By Zhang Bin
Published: 2008-05-23
The time has come for the World Trade Organization (WTO) to review if China's trade policies meet the standard of global trading system on May 21 and 23. This is the second time since China's accession into the world body to undergo the Trade Policy Reviews (TPR).

TPR is an exercise mandated in the WTO agreements, in which member countries' trade and related policies are examined and evaluated at regular intervals. The previous review on China's trade regime was in 2006.

A WTO report issued shortly before the TPR session recognized China's efforts in structural reforms, including trade liberalization, that resulted in annual real GDP growth rates over 10% over the past four years and poverty reduction.

However, it also raised concerns over economic imbalances, including that of current account surplus and inequality in wealth distributions.

Prior to the review, the EO interviewed WTO director-general Pascal Lamy, who disclosed that about 700 written questions were prepared by member countries for the discussion.

Among the focus of upcoming discussion, Lamy noted, would be China's export measures, particularly in tariffs and import restrictions, and the enforcement of laws related to intellectual property.

Below is the full text of the interview:

EO:  As the second review is nearing, what is the progress in preparation work so far?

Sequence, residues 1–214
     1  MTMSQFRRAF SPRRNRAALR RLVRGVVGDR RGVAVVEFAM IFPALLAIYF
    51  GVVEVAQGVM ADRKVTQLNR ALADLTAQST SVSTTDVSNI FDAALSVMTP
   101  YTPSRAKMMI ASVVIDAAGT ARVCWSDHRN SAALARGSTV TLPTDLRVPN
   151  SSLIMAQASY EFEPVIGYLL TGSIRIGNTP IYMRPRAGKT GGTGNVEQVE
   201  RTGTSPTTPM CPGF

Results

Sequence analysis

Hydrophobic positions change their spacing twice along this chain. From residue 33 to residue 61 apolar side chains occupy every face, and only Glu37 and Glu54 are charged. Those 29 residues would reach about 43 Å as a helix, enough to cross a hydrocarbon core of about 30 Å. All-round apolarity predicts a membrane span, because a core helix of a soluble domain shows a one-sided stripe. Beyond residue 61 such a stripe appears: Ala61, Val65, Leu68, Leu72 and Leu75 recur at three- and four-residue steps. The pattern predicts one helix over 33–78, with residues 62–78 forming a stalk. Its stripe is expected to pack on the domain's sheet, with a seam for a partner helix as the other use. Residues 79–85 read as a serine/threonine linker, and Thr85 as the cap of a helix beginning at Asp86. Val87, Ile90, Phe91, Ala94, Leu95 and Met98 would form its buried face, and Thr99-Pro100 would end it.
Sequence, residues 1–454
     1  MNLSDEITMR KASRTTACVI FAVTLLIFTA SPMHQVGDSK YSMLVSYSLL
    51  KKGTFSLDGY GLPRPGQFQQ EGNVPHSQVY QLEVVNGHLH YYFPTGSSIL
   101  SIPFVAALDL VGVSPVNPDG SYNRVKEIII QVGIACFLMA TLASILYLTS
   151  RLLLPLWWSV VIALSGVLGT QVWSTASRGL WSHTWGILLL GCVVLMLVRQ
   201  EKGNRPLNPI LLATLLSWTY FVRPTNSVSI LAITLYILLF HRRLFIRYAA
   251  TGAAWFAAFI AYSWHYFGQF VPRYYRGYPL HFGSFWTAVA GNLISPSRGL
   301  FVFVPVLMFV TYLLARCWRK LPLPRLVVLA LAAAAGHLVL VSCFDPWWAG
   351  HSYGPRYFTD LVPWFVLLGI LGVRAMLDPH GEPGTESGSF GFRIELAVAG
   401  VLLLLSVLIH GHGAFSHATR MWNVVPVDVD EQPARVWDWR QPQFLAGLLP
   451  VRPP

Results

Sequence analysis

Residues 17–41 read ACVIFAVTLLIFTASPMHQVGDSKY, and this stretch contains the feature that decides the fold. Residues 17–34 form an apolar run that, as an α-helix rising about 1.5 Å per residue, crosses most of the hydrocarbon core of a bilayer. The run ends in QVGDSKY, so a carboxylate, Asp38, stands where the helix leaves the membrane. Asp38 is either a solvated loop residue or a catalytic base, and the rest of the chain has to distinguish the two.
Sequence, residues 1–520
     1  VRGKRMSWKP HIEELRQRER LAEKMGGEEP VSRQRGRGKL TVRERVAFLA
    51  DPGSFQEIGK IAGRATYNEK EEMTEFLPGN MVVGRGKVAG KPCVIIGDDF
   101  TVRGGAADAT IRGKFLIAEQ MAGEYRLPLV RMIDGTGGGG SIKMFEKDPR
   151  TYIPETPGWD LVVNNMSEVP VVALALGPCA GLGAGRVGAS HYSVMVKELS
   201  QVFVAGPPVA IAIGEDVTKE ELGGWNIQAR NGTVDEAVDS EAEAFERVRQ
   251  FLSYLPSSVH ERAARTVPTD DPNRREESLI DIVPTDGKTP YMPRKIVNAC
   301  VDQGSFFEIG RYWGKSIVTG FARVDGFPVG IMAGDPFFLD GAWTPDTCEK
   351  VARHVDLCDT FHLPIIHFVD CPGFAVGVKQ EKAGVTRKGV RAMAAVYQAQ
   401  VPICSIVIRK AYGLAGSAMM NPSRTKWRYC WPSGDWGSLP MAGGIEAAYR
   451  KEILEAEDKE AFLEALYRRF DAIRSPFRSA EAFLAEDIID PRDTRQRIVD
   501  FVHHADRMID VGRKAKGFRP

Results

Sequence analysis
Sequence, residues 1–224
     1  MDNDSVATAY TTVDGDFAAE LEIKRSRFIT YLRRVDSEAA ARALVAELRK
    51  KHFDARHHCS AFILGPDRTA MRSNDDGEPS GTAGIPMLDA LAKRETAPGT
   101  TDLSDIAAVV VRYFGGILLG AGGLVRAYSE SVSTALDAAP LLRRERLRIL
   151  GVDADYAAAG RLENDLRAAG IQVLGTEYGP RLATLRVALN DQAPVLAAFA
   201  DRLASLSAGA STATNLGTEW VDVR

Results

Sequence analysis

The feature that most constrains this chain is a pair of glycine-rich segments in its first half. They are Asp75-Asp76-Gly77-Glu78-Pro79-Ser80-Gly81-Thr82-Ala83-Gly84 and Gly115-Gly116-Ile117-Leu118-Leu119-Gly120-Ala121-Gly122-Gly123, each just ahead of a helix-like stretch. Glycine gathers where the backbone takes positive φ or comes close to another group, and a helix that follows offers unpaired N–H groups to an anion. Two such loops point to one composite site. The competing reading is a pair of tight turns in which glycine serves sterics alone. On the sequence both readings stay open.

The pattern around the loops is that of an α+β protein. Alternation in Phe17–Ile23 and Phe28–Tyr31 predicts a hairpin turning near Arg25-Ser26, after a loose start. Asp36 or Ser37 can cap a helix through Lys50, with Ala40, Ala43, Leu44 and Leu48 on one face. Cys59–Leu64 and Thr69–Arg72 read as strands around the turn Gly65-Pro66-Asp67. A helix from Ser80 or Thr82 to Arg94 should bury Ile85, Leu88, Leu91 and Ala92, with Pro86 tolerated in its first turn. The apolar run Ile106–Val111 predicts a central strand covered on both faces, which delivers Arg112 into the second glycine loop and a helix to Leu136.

LAMY: A Trade Policy Review is like doing a "spring cleaning": you look at what has happened in your trade policy in the couple of years, you put those issues which are in line with WTO aside and you focus on those where more work is needed in the future.

This exercise is done every two years for the world fours largest traders, ie China, the US, Japan and the EU. On 21 to 23 May, a large Chinese delegation lead by Ms. QIU Hong, Assistant Minister of Commerce, is in Geneva to present the main features on Chinese trade policy since 2006. Other members have already prepared around 700 written questions which will help guide the discussion. 

EO:  The first TPR took place over two years ago. What are the areas that China promised to improve have indeed been delivered? What are the areas that needed further improvement?   

LAMY: In its previous Trade Policy Review in 2006, China was clear that its trade policy would be central to its reform efforts, and since then, China has continued to open its trade with other members. Indeed, today the average tariff is relatively low at below 10%.  But there was some concern about the use of export restrictions. 

In a broader context, China indicated in its 2006 review that it wished to achieve annual GDP growth of 7.5% over the next five years.  Since then, China has grown at over 10%; this clearly is continuing to reduce poverty, but certain challenges are also becoming clear. One of these is that growth is driven by exports and investment rather than domestic consumption.  The Chinese government has already identified this as a challenge, and is taking measures to address it. China views its trade policy as an instrument to further integrate into the globalized economy and make sure its resources are used efficiently.